Well aside from a massive Bonk at kilometer 68 that almost caused a DNF – read my official Comrades marathon post –Ultrabloke Broke – the Brooks Pure Cadence were cool and comfortable and an absolute treat from start to finish.
I was a complete Brooks convert – so much so that I decided that for my next big challenge of the 65km Salomon Sky Run Lite – I simply had to try the well named Brooks Pure Grit, a trail running shoe in their Pure Project range. I’d had a long chat to Clive Chowles, the head of Brooks SA, at the Comrades expo and had told him of my love for my new shoes and we had a lengthy chat about Brooks, their general business philosophy, their various ranges and shoes. Clive’s enthusiasm and pride in his brand were tangible and so it sparked a series of discussions thereafter that eventually led to Clive providing me with a pair of Pure Grit and a pair of the Scott Jurek influenced Cascadia’s to try / test / train-in and run the Sky Run in.
AND NOW FOR THE TRAILS
I am very blessed to live right on the edge of the Braamfontein spruit, the most convenient trail running / mountain biking option in Joburg. The terrain is pretty varied and in Joburg terms offers a great trail training ground on which you can piece together a variety of different distances between Parkmore up towards Emmarentia dam. My biggest dilemma between August and November was which pair of Brooks I was going to run the Sky Run in. And so I began a sequence of different length runs to try and determine just that.
The first thing I noticed was that both pairs of shoes offered the same degree of comfort I felt in the Pure Cadence. The Pure Gritare particularly comfortable. Like the Pure Cadence they have a unique Anatomical Shape that contours the foot and allows the shoe to hug the foot snugly from the top and hold them firmly in place (something I find particularly important in a trail shoe to stop it shifting around) without impinging on the top of the foot.
In the Pure Grit in particular, with the relatively flat sole (4mm drop) the issue I’d had with my previous shoes (a very high toe box and higher lugs on the sole which meant that I kept catching my toe and falling forward) disappeared completely and on my first few runs I felt a bit like a gazelle.
The Cascadia were also extremely comfortable, perhaps even slightly more so, but what did seem to keep happening was that I kept rolling over my ankle, sometimes even on very innocuous little changes of gradient. Initially I didn’t assign it to the shoe and it was only later in my training that I realised that it was only in the Cascadia that it kept happening.
This caused me a lot of confusion, particularly just before the start of the SkyRun when consultation with Accuweather as to the forecast conditions for raceday highlighted that they were expecting thundershowers from the Thursday night right through till Saturday lunch time. I knew from some of my runs that the Cascadia had bigger lugs on the bottom of the shoe and provided more grip in nasty wet and muddy conditions and with that amount of predicted rainfall had to be a serious option.
I managed to get hold of Clive in Germany and asked him which shoes he thought would be right for the conditions and he confirmed that he thought the Cascadia were probably more suitable. So on the Wednesday afternoon before raceday I headed out onto the Spruit in my Cascadia for a brisk 7km run to test whether maybe my theory on the ankle twisting was possibly unfounded. RESULT: A slight roll of the ankle twice in those short 7 km’s.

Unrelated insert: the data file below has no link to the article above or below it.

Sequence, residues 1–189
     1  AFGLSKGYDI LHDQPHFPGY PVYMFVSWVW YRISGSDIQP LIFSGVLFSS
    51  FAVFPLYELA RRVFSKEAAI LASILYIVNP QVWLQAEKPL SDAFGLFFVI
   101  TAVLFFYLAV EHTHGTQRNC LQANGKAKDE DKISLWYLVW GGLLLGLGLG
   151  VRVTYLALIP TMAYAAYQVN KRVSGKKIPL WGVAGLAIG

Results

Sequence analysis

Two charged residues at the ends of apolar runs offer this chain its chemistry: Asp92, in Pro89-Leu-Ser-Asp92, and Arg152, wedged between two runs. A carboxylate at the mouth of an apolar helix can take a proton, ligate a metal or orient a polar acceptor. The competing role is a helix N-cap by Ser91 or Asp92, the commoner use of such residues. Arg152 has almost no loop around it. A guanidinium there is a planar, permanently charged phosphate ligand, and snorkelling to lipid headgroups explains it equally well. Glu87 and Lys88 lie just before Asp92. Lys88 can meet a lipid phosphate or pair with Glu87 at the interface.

CAN’T RISK MY ANKLES ON AN ULTRA
Thankfully I had to pop past a good mate an hour later to borrow his head lamp and when discussing my dilemma with him, he set me straight by telling me I couldn’t under any circumstances risk a more severe ankle twist in a 65km trail run and that I should stick with what I know. If grip did indeed become an issue, it would be one I’d be able to handle.
When I dwelt on what might be causing the twists / rolls, I came to the conclusion that having re-learnt to run in a more natural shoe I definitely need a more natural / minimal shoe (with a lower drop) so that my feet are in closer contact to the ground. That allows my feet to more quickly and accurately feel any inconsistencies in the terrain quickly enough that I can then make the appropriate correction and avoid twisting my ankles. That’s what proprioception is in essence all about – the foots ability to relay signals to the brain when it connects with the ground, so that the brain understands what it’s dealing with and can act accordingly.
When this theory eventually dawned on me it made complete sense. Before I had bought any trail specific shoes, I’d run my first 2 trail runs in my conventional Mizuno road shoes and had suffered 2 twisted ankles – one severe one – as a result. It would appear that in my case the higher the heal and therefore the greater the drop:
1.) The less I can feel and therefore react to inconsistent ground
2.) When I roll, the greater the height from which I roll and therefore the more difficult to stop / limit.
FULL OF PURE GRIT
Anyway, I am delighted that I went with my mate’s advice because my Brooks Pure Grit performed superbly in the Salomon SkyRun. Despite the worst weather conditions in the history of the race – please keep an eye out for my race review – resulting in the 100km being stopped late afternoon, my shoes were all Grit as even completely drenched and caked with mud they carried me comfortably over 65km’s of hard, cold and severe terrain. Unfortunately getting lost for 2 hours with 4 other weary souls severely limited (for fear of getting lost in the mist again) my ability to run as much as I should have and so I only got to run about 20% of the distance.
And so to date – to paraphrase from Brooks’ strapline I’ve ‘Run Happy’ in my Brooks Pure Grit through opposite extremes of my trail-running ability from:
1.) A mostly quick-paced walk through 65km’s of severe mountainous terrain in the most wet, cold, misty conditions imaginable, AND
2.) A bust-my-balls / hard-as-I-can-run 22km loop up the spruit in good dry conditions.
I hadn’t seen many Brooks shoes in my first year of more serious trail running, but noted that I wasn’t the only person in Pure Grit on the day seeing one other person in our eventual train of runners in the same. I did however see a lot of pairs of Cascadia along the route making me realise even more how personal a shoe preference can be.
I love my Pure Cadence and Pure Grit and they’ve just cemented for me that much like I ran in my Mizuno Wave Rider for about 5 years, I’m highly likely to spend the next few years in Brooks.
If I can stay injury-free, I look forward to Running Happy for many years to come.